beautiful beauty

The Contour of Chant

6:00:00 AMChase J. Cloutier

This post is a continuation of my series reflecting on beauty in anticipation of the Hildebrand Project's forthcoming publication: the English translation of Dietrich von Hildebrand’s Aesthetics.

I pushed open the wooden door, dipped my hand into the cool water, touching my forehead, chest, shoulders. As I walked slowly forward into the spacious chamber opening before me, I gazed around the dimly lit church. Somber scenes immortalized in small stones dotted the sides of the abbey. I touched my knee to the cold marble floor, then stepping into the pew. There I sat, in awe of this medieval stronghold of prayer.

The abbey of the monks of Solesmes is nestled on the banks of a quiet river in the French countryside, far away from all the busyness and distraction of city life. It was their music that drew me to them. These monks are masters of Gregorian Chant scholarship and performance. I came to get away for several days — to be silent, to listen, and to pray.
As the time for prayer service approached, everything was absolutely still. A peace, rarely to be found in the outside world, permeated the air. The soft shadows enveloping the sanctuary were pierced by a single ray of bright light beaming in from the sole undraped window. All was calm and quiet. From this silence pregnant with prayer came the warm and welcome sound of the monks’ resonant voices as they processed in for Mass. These modal melodies clearly delighted the monks, for their solemn joy was evident. One could hardly mistake that as their voices rose and fell, they soared to the heights of contemplation and plunged into the depths of prayer.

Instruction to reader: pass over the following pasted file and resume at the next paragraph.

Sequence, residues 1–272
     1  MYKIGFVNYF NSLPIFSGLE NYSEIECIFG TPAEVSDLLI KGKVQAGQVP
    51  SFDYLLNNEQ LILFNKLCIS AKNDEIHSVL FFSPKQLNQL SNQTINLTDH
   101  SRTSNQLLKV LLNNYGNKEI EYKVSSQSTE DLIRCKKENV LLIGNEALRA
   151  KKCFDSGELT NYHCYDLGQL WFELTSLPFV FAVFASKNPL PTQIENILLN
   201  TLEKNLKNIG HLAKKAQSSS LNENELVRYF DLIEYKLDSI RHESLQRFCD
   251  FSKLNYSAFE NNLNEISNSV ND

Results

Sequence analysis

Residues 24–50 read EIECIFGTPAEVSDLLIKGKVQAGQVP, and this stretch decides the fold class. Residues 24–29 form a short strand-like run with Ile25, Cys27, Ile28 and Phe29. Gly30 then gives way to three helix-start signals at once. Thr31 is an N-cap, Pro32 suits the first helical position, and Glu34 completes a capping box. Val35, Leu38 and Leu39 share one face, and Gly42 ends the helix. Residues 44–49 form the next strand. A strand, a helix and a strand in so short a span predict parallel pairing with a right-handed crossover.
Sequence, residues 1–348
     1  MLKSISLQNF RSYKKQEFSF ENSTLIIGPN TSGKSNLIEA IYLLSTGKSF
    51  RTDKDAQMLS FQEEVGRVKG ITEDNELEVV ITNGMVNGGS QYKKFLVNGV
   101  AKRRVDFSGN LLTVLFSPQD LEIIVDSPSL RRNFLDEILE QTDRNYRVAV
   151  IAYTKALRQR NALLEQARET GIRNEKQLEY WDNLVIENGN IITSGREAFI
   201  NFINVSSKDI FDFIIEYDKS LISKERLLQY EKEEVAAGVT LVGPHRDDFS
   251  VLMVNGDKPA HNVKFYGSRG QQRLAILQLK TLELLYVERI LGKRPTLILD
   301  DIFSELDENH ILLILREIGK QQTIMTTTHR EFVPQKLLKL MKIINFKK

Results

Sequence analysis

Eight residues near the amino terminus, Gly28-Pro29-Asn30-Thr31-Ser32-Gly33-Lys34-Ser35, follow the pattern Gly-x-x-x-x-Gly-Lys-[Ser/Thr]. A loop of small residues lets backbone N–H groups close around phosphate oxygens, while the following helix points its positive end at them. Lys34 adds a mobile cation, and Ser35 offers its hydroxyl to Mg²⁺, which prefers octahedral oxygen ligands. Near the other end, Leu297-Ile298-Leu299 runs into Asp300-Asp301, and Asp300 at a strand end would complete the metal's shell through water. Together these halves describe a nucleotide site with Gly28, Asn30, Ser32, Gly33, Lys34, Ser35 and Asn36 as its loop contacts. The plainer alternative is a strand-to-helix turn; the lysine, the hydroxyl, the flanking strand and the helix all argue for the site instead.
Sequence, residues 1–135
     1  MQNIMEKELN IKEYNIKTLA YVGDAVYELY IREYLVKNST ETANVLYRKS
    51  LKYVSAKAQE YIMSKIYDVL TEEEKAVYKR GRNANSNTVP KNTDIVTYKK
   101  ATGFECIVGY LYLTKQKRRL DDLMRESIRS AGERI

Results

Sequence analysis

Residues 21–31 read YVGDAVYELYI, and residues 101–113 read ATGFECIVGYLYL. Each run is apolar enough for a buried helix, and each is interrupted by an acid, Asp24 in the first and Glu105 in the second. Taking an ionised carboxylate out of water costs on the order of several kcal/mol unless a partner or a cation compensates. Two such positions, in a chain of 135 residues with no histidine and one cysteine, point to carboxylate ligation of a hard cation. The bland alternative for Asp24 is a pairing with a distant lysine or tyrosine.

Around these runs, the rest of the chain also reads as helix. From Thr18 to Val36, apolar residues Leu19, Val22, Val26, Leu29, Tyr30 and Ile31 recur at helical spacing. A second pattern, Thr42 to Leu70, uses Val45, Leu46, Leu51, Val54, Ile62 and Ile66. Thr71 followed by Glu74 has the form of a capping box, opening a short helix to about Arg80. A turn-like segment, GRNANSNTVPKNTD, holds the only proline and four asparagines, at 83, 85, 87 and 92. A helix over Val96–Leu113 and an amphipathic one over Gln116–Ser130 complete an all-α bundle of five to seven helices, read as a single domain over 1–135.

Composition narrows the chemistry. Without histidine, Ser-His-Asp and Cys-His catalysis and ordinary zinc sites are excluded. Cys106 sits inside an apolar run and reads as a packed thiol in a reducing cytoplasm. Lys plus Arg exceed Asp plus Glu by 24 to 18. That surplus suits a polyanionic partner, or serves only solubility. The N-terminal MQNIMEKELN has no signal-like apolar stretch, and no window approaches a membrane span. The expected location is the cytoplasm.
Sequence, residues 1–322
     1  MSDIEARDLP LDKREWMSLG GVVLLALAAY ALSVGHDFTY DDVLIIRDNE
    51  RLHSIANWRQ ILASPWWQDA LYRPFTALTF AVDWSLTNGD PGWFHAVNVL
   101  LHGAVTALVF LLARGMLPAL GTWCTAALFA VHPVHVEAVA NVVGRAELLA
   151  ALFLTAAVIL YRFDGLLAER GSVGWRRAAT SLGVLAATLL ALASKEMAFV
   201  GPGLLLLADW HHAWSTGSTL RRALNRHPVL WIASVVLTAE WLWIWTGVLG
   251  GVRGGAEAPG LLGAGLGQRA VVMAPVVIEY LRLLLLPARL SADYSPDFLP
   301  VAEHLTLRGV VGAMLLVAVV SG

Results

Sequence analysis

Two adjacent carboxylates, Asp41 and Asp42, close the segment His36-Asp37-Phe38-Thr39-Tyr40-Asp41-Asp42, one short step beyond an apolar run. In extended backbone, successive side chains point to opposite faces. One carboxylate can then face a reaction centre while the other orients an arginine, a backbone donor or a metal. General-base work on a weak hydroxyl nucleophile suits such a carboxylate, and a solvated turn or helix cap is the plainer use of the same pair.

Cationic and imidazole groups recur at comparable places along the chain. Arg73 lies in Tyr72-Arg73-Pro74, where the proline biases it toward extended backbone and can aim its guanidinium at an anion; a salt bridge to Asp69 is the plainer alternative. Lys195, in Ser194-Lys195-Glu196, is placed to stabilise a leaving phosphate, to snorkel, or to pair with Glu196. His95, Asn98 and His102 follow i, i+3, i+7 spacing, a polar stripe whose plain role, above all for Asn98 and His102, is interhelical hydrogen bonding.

Their singing was at once formal and organic, peaceful and dynamic, fluid and free. As effortless and life-giving as breathing itself, this chanting of theirs was accomplished with nothing but the primordial instrument — the natural human voice. With no regular rhythm, this music was driven only by
the beating of their hearts. These men sang in perfect unison, their unique and unfaltering vocals molding, blending to form one communal voice. In the song there was no division or separation. The unity of their sound was marked only by the arc and contour of their melody.

In this moment I experienced the delight and grandeur of the human voice as I never had before. In a humble little monastery in a foreign land, I encountered consummate beauty. “When we hear a beautiful melody, we not only perceive its beauty: it takes hold of our heart and makes us happy... It touches our heart and fills our soul with a particular happiness.” (1) This was the most beautiful music I had ever heard. It pierced my heart and
made me yearn for higher realms. Its beauty impacted me in an unprecedented way. I was drawn to contemplate, to revere, to adore, and to love.